10 Signs Of A Bad Data Scientist

With the number of people claiming to be a data scientist growing, the “true” data scientists are becoming hard to find. Here your guide identify the clues to catch a bad data scientists.

By Seamus Breslin, Solas Consulting. 

The importance of data in modern day business cannot be questioned with many companies realising the importance of data and analytics to relate to their customers and get the most out of their business.


With added emphasis on the use of data by many companies, from supermarkets to multinational corporations, new roles are developing for data scientists to analyse and investigate what lies behind the figures and what trends can be shown through the collection of data.

While the role may seem relatively straightforward, it can be exceptionally complex and there are key data science skills that are required to excel in the role. While every company will have a different value for particular skills and tools, we take a look at what makes a bad data scientist and what skills are essential to the role.

Not a team player

Data scientists must analyse information and look at what lies beneath the surface. Often, this can involve looking at large quantities of information and working as a unit. If a data scientist cannot function in a team or wants all of the glory, then they are not going to work well with others and produce the best results.

Poor mathematical background 

Mathematics  is one of the key tools in analysing data. Therefore, it is important that a data scientist has a strong mathematical knowledge and can learn algorithms and other key tools quickly. Having a passion for maths will lead to a higher quality of work.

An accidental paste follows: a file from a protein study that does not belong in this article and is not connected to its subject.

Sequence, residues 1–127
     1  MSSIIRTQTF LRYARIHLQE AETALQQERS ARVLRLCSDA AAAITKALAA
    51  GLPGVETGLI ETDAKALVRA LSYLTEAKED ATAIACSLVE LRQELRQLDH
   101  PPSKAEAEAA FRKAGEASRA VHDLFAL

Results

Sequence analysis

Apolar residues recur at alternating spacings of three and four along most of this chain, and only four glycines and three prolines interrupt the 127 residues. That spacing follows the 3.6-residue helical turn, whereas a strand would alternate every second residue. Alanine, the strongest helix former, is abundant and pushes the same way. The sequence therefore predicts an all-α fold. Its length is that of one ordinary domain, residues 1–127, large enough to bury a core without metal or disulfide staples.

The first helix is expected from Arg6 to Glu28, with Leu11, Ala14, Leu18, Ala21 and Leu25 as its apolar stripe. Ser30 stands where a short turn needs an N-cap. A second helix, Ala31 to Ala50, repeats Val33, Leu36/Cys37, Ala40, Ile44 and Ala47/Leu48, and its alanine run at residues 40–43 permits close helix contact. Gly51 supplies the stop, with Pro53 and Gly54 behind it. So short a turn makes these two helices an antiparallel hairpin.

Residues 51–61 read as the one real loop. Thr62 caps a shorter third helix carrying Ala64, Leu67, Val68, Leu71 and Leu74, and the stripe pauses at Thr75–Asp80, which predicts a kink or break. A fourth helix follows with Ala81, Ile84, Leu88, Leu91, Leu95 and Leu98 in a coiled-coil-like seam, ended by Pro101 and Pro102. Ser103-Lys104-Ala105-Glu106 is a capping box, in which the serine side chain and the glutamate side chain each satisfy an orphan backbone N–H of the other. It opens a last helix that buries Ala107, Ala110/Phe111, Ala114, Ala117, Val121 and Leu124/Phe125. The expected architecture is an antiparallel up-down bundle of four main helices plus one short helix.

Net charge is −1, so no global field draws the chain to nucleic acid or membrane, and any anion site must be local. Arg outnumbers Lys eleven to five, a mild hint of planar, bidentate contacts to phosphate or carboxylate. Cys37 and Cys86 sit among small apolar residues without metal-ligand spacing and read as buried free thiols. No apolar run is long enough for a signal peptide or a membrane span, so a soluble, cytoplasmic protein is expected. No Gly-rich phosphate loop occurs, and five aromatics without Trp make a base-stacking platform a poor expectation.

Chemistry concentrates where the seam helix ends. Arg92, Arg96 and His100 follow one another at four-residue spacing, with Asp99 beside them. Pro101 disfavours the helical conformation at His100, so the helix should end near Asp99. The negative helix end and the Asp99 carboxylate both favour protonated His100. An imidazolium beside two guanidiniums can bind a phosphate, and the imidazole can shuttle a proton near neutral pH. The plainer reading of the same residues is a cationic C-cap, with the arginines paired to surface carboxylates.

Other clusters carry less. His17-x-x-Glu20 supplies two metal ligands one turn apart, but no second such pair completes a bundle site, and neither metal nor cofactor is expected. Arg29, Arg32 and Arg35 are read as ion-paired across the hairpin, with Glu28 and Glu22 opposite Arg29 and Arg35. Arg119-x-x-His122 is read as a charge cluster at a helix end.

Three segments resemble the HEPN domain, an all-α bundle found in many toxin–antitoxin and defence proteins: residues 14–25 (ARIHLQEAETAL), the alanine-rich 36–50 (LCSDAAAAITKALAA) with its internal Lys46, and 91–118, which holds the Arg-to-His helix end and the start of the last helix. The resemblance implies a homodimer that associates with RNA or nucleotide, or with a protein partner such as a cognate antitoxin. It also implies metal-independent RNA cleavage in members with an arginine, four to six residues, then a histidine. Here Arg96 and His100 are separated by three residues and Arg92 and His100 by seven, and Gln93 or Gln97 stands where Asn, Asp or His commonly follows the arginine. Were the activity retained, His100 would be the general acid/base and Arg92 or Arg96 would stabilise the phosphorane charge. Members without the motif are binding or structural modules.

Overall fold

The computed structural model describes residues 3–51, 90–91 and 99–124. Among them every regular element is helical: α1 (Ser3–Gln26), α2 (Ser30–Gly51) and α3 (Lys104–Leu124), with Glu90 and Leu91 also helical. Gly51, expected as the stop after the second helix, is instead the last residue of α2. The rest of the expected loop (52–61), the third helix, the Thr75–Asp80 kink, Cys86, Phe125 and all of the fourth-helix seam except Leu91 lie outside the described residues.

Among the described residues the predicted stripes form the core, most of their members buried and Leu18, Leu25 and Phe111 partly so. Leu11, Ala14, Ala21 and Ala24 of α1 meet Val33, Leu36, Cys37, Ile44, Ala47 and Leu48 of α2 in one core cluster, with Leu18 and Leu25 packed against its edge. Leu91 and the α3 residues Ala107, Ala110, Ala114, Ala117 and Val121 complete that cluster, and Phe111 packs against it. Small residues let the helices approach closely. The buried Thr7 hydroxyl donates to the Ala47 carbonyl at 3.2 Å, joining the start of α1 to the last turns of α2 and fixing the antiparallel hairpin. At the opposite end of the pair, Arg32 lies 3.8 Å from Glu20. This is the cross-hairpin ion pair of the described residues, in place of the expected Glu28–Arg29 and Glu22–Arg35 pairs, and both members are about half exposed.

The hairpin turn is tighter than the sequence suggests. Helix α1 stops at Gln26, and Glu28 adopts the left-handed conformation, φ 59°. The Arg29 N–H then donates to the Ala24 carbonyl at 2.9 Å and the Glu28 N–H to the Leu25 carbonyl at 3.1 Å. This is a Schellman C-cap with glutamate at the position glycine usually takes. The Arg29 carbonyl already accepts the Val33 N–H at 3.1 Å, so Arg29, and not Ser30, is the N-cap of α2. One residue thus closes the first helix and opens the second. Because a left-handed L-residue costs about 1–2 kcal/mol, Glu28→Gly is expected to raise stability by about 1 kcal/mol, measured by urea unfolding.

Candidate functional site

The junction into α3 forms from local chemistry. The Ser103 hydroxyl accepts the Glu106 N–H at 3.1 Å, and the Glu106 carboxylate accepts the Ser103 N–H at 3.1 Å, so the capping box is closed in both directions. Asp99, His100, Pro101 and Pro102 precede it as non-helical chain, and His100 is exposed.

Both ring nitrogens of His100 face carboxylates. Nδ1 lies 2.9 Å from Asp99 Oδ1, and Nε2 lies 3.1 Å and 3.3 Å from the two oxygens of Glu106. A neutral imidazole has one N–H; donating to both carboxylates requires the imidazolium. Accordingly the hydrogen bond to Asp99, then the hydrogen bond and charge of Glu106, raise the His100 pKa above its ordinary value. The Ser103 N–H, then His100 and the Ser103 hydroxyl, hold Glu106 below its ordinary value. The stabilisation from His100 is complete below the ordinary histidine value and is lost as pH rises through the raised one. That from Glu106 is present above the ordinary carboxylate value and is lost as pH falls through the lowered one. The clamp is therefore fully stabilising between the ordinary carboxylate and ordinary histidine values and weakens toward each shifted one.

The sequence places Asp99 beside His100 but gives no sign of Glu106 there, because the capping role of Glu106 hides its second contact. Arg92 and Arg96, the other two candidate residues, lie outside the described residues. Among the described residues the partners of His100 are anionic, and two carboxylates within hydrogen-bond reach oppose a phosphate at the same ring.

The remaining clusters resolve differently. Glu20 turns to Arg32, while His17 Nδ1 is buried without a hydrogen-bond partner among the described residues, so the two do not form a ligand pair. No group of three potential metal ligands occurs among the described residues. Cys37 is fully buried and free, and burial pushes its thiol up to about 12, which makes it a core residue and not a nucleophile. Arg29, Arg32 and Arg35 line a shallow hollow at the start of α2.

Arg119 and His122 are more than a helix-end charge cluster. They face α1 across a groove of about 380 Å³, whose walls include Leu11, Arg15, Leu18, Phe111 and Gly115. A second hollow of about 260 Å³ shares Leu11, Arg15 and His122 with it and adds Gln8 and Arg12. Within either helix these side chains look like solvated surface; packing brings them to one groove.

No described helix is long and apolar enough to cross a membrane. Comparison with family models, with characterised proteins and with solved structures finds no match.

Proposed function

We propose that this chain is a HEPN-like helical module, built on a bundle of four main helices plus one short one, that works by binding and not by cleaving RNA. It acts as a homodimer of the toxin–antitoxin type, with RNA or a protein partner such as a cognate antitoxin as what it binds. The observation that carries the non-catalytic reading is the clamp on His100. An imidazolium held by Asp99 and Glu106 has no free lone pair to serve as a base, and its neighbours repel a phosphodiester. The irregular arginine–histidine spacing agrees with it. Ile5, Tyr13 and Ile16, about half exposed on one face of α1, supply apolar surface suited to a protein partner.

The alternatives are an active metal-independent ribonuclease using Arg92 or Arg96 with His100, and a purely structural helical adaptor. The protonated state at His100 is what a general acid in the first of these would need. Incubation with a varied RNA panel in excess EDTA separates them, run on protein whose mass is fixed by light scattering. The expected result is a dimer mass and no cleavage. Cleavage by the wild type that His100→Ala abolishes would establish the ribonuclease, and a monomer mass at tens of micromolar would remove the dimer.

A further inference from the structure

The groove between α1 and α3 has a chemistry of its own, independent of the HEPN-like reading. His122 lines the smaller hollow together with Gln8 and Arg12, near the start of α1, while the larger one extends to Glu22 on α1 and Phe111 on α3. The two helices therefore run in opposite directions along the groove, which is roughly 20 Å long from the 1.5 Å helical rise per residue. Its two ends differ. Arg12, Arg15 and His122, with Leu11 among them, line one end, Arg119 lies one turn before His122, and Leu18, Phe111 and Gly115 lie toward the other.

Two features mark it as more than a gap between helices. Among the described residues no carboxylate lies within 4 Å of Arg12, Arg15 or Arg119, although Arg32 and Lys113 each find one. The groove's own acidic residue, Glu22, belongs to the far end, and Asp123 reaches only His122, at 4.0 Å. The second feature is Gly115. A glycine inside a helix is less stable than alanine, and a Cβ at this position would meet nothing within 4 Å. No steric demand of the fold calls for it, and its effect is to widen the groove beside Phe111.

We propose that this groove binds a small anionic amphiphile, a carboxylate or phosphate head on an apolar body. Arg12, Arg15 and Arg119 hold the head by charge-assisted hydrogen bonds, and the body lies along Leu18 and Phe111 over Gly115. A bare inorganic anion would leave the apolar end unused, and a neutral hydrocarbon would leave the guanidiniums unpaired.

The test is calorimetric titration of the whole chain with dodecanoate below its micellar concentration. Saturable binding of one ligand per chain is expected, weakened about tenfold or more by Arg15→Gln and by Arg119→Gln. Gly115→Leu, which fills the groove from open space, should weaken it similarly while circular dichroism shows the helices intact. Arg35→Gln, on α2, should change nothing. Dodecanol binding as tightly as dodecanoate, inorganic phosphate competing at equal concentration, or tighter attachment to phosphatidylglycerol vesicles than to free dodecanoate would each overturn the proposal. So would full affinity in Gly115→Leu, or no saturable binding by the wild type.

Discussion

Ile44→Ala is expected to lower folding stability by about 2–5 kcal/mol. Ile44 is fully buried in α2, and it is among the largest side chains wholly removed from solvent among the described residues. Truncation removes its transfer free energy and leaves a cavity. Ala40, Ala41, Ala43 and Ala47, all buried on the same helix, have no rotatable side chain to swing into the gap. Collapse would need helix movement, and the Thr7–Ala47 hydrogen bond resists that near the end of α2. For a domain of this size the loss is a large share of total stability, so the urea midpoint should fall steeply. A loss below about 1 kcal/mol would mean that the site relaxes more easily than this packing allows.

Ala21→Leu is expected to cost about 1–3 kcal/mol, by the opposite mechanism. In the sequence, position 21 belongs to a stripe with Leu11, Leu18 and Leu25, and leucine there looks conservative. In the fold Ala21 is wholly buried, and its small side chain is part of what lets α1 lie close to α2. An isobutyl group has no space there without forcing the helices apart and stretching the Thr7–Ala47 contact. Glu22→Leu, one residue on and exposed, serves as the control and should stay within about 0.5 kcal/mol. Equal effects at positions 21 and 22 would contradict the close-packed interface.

Poor computing knowledge

To succeed as a data scientist, it is important to have strong computer skills to calculate and present information. Not everything is analysed or presented on paper; thus, a strong digital background is key. If a data scientist doesn’t have knowledge of some of the key platforms, such as Spark, then chances are, they’re a bad one.

Poor communication skills

A data scientist has to bring clarity and insight to data and regardless of whether they can memorise algorithms or key formulas if they cannot communicate their findings or their ideas, then they will not succeed as a data scientist. A data scientist must be approachable and aid the performance of an organisation with good communication.

No business knowledge

A data scientist must have a knowledge of the world of business and know what problems your business has and the problems your company is trying to solve. If they fail to understand business issues then how can they solve the problem?

Lack of knowledge about tools

When it comes to data science, there is an arsenal of tools that can be used to collate, analyse and present information. From Scala and Python to SAS and Matlab. A data scientist must have knowledge of most of these tools. If not, they are not a great fit for your business.

SAS only knowledge

Similar to the point above, some “data scientists” have a knowledge of coding and thus have rebranded themselves to be a data scientist. However, if they only know about code, this does not mean that they know how to read or analyse data.

Don’t want to get their hands dirty

If a data scientist is unwilling to take risks, analyse data and dig into the code, then they will simply not fit into any organisation. Being a data scientist takes risk and a hard-working ethos.

A know it all

Nothing is ever the answer when analysing data until the data proves or matches the relevant theory. If a data scientist is convinced that they have the right answers all the time, then they will never be able to see out of their own prism, thus, they will never be able to adequately review figures.

Lacking a natural sense of curiosity 

Most data scientists need to find the answers and wish to find out the trends and data behind the figures if a data scientist is not curious or is unmotivated to find out what makes things tick, this is exceptionally bad practice.


Bio: Seamus Breslin  is the Founder and Managing Director of Solas Consulting, and has over 11 years experience in the IT sector. Solas specialises in placing Data, BI , SQL , Oracle , Java and .Net professionals.